The Navigation Acts, or more broadly The Acts of Trade and Navigation were a long series of English laws that developed, promoted, and regulated English ships, shipping, trade, and commerce between other countries and with its own colonies. The laws also regulated England's fisheries and restricted foreigners' participation in its colonial trade. While based on earlier precedents, they were first enacted in 1651 under the Commonwealth. The system was reenacted and broadened with the restoration by the Act of 1660, and further developed and tightened by the Navigation Acts of 1663, 1673, and 1696. Upon this basis during the 18th century, the acts were modified by subsequent amendments, changes, and the addition of enforcement mechanisms and staff. Additionally, a major change in the very purpose of the acts in the 1760s — that of generating a colonial revenue, rather than only regulating the Empire's trade — would help lead to revolutionary events, and major changes in implementation of the acts themselves. The Acts generally prohibited the use of foreign ships, required the employment of English and colonial mariners for three quarters of the crews, including East India Company ships. The acts prohibited the colonies from exporting specific, enumerated, products to countries and colonies other than those British, and mandated that imports be sourced only through Britain. Overall, the Acts formed the basis for English British overseas trade for nearly 200 years, but with the development and gradual acceptance of free trade, the acts were eventually repealed in 1849. The laws reflected the European economic theory of mercantilism which sought to keep all the benefits of trade inside their respective Empires, and to minimize the loss of gold and silver, or profits, to foreigners through purchases and trade. The system would develop with the colonies supplying raw materials for British industry, and in exchange for this guaranteed market, the colonies would purchase manufactured goods from or through Britain.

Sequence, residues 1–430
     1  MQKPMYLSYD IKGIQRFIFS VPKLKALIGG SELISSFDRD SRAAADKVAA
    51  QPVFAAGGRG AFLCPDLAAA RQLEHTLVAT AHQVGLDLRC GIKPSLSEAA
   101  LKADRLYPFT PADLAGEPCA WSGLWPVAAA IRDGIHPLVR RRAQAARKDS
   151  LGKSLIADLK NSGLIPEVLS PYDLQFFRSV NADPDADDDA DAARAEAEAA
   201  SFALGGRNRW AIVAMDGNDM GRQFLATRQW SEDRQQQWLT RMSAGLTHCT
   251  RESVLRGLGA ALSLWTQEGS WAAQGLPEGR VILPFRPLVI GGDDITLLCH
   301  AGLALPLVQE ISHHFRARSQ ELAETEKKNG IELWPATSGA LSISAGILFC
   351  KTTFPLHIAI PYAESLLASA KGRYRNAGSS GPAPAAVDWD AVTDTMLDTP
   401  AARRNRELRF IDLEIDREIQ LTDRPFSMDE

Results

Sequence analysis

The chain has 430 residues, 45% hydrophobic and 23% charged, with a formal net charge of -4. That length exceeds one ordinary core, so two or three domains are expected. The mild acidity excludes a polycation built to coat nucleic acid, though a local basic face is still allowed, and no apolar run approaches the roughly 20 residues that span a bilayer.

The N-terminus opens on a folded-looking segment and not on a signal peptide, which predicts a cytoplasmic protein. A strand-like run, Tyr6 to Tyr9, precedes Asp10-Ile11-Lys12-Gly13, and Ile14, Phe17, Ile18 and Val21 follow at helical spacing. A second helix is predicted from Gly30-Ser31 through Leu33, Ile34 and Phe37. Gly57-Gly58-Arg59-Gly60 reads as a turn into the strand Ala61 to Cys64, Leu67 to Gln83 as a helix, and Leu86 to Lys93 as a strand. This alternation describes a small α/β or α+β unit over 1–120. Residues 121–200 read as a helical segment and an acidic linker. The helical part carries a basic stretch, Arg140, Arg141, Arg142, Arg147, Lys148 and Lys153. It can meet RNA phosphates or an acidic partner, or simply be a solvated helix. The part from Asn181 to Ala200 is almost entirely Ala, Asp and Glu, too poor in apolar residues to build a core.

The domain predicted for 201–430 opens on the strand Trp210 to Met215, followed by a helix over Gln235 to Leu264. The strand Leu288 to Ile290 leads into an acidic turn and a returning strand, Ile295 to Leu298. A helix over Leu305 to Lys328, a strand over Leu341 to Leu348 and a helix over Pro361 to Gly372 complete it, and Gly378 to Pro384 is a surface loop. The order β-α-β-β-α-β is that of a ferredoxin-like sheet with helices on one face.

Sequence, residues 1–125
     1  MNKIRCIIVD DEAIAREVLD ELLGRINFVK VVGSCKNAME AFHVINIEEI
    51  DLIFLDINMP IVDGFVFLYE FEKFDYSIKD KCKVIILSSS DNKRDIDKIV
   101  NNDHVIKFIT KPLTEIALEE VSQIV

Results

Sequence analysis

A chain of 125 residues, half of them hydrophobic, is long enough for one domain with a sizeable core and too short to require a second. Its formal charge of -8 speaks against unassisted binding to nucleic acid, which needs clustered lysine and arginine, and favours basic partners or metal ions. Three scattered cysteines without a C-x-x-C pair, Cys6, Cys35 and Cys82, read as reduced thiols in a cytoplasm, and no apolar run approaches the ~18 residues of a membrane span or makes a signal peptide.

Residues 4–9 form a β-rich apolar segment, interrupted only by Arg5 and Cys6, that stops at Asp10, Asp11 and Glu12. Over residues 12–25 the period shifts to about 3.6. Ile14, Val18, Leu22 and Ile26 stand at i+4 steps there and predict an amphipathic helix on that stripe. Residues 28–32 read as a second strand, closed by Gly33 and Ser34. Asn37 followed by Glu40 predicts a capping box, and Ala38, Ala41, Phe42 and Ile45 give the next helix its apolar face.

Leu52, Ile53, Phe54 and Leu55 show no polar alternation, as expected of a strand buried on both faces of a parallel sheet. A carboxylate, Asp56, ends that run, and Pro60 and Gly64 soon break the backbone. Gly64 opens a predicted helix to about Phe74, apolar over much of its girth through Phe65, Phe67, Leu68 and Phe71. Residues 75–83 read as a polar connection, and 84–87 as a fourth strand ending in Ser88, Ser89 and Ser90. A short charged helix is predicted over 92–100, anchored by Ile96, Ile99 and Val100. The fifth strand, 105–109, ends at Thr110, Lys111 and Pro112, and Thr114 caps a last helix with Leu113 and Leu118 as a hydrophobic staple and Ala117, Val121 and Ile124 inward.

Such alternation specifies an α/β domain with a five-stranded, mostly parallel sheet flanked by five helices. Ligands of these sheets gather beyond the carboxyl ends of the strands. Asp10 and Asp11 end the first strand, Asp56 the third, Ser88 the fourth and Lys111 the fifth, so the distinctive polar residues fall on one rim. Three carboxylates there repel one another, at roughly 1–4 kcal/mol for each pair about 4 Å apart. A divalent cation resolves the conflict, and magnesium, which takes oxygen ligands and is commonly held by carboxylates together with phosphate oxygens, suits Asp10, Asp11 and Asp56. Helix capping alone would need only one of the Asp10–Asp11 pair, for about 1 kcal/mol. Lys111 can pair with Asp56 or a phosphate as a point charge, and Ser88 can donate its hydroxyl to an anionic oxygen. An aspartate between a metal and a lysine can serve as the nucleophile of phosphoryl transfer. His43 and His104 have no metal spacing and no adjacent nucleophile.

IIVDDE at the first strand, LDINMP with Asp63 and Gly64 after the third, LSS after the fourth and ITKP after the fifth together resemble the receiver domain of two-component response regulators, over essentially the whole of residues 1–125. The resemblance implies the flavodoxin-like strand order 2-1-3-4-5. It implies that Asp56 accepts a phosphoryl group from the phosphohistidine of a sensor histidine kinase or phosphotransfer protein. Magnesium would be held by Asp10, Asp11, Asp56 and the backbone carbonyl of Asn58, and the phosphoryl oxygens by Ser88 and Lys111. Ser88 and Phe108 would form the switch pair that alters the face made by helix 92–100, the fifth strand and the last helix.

The Convention Parliament was a parliament in English history which, owing to an abeyance of the Crown, assembled without formal summons by the Sovereign. Sir William Blackstone applied the term to only two English Parliaments, those of 1660 and 1689, but some sources have also applied the name to the parliament of 1399.
The Act of Settlement 1662 was passed by the Irish Parliament in Dublin. It was a partial reversal of the Cromwellian Act for the Settlement of Ireland 1652, which punished Irish Catholics and Royalists for fighting against the English Parliament in the Wars of the Three Kingdoms by the wholesale confiscation of their lands and property. The Act describes itself An act for the better execution of His Majesty's gracious declaration for the Settlement of his Kingdom of Ireland, and the satisfaction of the several interests of adventurers, soldiers, and other his subjects there.